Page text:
The objective of citizenship education is much more beyond than collecting, locating, discussing and describing. Civic education focuses on effective, participatory and active citizenship. The social studies curriculum 2007 (for classes 4 and 5) reflects that it aims to prepare young people to become effective, participatory citizens in a democratic society. But the implementation of this curriculum needs strong will and commitment at government and private level, otherwise it would fail to produce the desired results. In addition to this, under curriculum objectives and guidance text books are published. These books carry such content which instead of developing peace, tolerance and respect among citizens brings further conflicts and intolerance. The analysis of eight text books of Sindh Text Book Board suggests that instead of instilling tolerance, respect and critical thinking and participatory skill, five out of eight books entrench biases against women, other nations, religious groups and people with disabilities (Dan, 2005). This shows the bleak picture of history and present of civic education in Pakistan.
Efforts have been made by NGOs and a few private educational institutions in the country for the promotion of civic education in schools. It is also high time for the political leadership, policy-makers and educational managers of private and public sector schools, colleges and universities to recognise the importance of civic education and work together to bring this subject in the center of learning and teaching process.
Interview with Mr. Zafarullah Khan, Chief Executive, Civic Education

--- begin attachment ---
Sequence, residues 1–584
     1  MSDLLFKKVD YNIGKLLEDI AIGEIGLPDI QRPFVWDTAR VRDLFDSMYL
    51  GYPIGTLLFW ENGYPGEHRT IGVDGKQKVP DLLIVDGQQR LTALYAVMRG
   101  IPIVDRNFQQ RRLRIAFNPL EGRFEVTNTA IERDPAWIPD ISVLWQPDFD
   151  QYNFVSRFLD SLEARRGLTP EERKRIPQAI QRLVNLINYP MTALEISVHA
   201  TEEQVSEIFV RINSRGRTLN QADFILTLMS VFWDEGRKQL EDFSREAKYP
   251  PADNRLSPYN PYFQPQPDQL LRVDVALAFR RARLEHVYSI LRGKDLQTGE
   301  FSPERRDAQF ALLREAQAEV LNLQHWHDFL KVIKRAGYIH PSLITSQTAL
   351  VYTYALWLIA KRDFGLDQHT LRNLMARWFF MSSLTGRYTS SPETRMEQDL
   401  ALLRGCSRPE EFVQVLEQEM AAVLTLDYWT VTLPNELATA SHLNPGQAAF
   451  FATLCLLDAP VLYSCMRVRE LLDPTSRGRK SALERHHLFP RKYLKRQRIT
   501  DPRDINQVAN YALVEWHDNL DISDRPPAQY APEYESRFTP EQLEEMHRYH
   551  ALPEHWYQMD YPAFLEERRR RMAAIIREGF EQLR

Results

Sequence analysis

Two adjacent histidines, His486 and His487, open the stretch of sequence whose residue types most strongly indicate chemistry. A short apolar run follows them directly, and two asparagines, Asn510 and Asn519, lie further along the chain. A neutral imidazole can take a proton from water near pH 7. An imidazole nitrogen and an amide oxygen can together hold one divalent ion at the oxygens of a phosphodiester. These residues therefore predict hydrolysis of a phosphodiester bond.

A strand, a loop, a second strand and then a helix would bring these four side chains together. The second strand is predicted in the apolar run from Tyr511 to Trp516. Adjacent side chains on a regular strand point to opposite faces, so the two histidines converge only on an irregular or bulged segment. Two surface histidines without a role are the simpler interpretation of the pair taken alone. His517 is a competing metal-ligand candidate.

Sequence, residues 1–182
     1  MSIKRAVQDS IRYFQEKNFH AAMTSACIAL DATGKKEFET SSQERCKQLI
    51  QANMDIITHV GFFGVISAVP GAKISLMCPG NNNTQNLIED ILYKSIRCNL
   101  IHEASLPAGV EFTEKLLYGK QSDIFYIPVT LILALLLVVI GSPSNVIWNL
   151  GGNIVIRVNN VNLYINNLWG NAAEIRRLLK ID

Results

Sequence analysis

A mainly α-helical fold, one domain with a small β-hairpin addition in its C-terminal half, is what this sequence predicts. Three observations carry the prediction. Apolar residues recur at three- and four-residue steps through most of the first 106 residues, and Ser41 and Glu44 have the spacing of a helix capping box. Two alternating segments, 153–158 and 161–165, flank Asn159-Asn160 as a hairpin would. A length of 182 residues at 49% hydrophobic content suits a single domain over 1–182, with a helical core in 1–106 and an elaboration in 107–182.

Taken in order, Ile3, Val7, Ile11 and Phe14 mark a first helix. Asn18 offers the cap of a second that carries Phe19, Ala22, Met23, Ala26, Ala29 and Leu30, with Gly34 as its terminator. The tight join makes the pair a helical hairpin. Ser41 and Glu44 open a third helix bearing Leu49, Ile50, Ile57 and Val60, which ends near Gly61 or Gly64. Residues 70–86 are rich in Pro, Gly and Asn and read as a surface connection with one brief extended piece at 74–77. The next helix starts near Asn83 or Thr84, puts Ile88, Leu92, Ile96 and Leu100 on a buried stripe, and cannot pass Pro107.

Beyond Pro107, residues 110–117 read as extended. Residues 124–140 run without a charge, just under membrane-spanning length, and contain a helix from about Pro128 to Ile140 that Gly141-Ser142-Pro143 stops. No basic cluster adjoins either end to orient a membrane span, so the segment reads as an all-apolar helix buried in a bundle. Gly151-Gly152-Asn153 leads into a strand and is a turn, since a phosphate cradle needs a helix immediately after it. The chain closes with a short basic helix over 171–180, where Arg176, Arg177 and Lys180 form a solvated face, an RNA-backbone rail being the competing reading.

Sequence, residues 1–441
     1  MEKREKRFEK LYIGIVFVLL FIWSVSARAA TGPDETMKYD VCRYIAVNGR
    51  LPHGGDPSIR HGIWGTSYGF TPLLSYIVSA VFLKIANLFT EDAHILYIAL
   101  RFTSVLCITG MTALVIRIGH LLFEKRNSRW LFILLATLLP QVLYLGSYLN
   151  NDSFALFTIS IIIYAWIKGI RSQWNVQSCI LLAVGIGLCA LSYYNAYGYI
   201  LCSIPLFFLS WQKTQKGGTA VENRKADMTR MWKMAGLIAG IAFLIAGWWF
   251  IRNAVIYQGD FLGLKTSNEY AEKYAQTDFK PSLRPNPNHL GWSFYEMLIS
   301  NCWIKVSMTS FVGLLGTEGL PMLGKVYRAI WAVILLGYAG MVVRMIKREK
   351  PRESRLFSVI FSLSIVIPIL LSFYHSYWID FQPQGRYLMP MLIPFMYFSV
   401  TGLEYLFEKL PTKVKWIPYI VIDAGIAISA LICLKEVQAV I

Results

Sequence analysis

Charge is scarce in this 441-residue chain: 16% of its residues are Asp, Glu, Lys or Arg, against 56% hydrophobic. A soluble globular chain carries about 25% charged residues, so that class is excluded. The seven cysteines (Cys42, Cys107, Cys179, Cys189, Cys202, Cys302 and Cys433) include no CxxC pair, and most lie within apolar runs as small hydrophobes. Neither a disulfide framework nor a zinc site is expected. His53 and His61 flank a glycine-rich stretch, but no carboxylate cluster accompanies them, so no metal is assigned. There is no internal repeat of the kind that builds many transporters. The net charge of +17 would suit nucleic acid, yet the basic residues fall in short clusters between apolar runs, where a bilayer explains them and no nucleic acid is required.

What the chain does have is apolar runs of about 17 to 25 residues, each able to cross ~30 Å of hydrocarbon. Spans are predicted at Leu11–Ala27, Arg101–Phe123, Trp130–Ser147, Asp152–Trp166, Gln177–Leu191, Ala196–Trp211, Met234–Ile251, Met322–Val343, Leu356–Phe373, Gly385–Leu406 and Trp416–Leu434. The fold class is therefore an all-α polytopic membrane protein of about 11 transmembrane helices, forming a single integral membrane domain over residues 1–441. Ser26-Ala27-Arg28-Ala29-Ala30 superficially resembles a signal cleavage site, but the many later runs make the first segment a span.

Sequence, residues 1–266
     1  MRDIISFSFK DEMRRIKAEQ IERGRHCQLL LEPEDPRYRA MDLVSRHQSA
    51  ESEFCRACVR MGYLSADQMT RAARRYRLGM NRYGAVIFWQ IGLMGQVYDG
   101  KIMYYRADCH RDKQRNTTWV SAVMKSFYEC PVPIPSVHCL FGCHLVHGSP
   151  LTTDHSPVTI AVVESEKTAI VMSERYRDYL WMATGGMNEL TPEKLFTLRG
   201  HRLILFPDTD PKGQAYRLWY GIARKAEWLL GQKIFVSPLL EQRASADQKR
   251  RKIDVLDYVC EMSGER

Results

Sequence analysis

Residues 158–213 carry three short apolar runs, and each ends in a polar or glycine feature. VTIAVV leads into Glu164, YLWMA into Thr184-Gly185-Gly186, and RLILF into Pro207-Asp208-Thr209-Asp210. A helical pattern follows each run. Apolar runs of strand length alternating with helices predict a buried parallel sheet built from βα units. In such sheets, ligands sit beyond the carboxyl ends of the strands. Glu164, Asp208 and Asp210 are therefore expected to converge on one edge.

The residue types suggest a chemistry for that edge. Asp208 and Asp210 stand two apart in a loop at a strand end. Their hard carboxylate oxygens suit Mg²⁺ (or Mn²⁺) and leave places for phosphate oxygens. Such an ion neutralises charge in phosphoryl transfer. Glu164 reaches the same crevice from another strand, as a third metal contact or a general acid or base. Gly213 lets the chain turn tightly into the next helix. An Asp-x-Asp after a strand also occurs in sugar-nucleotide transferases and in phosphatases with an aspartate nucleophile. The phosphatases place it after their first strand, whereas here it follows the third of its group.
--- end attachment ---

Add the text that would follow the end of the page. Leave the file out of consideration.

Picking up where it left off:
An interview was conducted with Mr. Zafruallah Khan, Chief Executive, Civic education. He gave a sound understanding on the lack of awareness and importance attached to Citizenship Education in Pakistan. Civic Education is doing a lot of work in collaboration with British High Commission sponsored programs in Punjab province, NWFP and Baluchistan. Center for Civic Education - Pakistan (CCE) is a nonprofit organization that functions as an independent research, civic education, training and advocacy body. The CCE provokes creative ways of thinking and promotes tolerance for dissenting viewpoints to tackle the problems emanating from the transformation in the Pakistani society and its changing norms and values. The mission of the Center for Civic Education Pakistan is to empower the individual by promoting values of responsible citizenship and principles of democracy in Pakistan. The main aim of the CCE is to cultivate and nurture civic culture, civic courage and values of freedom, tolerance, peace, rule of law and democracy to strengthen civil society. For this the CCE conducts civic education, facilitates democratic dialogue, arranges trainings, and runs advocacy campaigns besides undertaking research on issues that shape our social, political and economic future. The CCE critically examines existing socio-economic policies and suggests alternatives besides monitoring democratic developments to make Pakistan democracy inclusive and meaningful.